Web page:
16 Aug Six Common Penalties Churches Face for Failure to Comply with Payroll Reporting Requirements
Churches that fail to comply with the federal payroll tax reporting requirements face a range of potential penalties. The six most common penalties are summarized below.
- Churches that are required to withhold taxes from the wages of an employee are responsible for the payment of those taxes whether or not they are collected from employee wages. For example, if First Church is required to withhold federal income taxes from the wages of its office secretary, but fails to do so, then the church is liable for the full amount of those taxes. The same rule may apply if the church withholds an inadequate amount.
- A church can be penalized for failing to withhold payroll taxes from a self-employed worker the IRS later reclassifies as an employee. The penalty can be as much as 3% of the worker’s wages, plus 40% of the employee’s share of FICA taxes. On a worker who receives annual compensation of $15,000, these penalties would be nearly $1,000.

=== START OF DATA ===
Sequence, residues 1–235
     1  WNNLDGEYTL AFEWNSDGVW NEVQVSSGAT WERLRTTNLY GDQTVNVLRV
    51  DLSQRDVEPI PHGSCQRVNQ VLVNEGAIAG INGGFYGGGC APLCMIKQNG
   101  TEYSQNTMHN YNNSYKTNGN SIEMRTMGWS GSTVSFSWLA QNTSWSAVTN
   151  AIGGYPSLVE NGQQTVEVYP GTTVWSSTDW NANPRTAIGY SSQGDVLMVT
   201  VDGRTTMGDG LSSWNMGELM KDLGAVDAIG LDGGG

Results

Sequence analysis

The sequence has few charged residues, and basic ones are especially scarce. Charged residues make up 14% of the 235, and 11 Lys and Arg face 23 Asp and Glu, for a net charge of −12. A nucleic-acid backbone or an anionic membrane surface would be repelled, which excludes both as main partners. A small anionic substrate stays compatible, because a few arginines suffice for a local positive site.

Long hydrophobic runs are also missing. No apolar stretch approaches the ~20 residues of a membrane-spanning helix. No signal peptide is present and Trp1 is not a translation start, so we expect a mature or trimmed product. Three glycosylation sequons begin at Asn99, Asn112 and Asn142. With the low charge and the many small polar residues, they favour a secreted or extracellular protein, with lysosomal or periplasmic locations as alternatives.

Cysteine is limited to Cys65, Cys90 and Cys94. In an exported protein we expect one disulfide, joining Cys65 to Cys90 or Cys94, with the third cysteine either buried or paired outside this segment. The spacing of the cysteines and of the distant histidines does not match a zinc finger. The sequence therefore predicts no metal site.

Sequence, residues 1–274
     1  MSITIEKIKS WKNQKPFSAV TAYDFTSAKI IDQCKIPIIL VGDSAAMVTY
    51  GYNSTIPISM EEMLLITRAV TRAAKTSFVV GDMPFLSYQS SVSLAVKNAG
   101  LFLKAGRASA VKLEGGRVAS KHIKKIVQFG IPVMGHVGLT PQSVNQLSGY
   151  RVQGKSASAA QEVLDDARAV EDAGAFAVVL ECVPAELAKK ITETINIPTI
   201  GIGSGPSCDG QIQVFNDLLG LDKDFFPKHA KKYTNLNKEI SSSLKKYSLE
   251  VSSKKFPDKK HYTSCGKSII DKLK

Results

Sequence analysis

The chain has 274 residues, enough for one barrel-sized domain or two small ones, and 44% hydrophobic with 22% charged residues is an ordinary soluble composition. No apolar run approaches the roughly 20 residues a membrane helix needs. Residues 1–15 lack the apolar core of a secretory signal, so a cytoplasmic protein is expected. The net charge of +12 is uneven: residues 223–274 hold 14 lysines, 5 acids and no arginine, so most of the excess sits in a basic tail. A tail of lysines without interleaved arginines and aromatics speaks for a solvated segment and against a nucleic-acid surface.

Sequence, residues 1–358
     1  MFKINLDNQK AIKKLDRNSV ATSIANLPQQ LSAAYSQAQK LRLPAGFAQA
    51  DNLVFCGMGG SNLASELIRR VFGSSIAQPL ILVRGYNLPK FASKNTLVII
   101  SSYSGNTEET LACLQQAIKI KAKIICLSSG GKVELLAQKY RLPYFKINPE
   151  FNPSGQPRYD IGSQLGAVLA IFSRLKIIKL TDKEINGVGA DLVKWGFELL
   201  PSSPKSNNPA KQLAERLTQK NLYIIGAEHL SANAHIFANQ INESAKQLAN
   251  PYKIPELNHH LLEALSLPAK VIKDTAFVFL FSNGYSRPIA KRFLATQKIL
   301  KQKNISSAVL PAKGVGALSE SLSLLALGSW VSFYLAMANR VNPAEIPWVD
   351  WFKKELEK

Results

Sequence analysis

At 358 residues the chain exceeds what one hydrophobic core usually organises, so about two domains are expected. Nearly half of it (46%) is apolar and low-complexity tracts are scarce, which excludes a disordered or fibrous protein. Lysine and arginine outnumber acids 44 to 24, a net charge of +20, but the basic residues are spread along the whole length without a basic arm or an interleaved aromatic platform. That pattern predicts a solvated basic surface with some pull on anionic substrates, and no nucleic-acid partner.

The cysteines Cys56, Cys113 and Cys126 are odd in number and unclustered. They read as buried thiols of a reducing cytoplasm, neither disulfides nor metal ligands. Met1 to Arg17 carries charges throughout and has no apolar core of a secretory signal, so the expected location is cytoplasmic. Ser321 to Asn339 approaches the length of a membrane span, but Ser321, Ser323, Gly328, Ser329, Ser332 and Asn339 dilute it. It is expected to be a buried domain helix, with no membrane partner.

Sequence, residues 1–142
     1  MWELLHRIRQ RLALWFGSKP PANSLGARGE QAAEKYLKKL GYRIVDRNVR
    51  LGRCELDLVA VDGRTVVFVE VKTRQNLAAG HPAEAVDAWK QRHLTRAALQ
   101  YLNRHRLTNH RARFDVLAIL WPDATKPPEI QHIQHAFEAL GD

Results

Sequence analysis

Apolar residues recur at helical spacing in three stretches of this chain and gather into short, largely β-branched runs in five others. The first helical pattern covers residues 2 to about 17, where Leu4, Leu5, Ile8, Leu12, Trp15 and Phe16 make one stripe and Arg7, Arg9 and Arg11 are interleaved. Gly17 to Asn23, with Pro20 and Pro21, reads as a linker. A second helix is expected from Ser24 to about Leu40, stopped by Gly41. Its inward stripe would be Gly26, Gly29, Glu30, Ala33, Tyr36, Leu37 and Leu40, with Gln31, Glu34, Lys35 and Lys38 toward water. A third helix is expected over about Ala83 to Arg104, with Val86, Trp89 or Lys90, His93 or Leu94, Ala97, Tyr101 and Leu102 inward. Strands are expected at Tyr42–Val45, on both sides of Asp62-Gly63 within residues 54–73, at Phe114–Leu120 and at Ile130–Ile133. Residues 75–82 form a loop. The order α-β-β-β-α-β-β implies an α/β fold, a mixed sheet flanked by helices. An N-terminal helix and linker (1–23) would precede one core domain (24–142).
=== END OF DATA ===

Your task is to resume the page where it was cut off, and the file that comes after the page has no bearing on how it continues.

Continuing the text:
- A church that fails to file a correct W-2 or 1099 form with the IRS can be penalized up to $50 per return. This amount can be reduced to $30, or in some cases $15, per return if the church files a correct return within a specified period of time.
- A church that fails to furnish a correct W-2 or 1099 to its workers can be fined $50 per failure.
- A church that fails to make timely deposits of withheld taxes can be fined from 2% to 15% of the amount of the underpayment, depending on the length of time it takes to correct the failure.
- Under section 6672 of the Internal Revenue Code, a willful failure to withhold payroll taxes, or to deposit withheld taxes, can result in a civil penalty of 100% of the amount of the taxes that were not withheld. And, this penalty can be assessed against either the employer itself, or its officers.
This article originally appeared in Church Treasurer Alert, January 1994.
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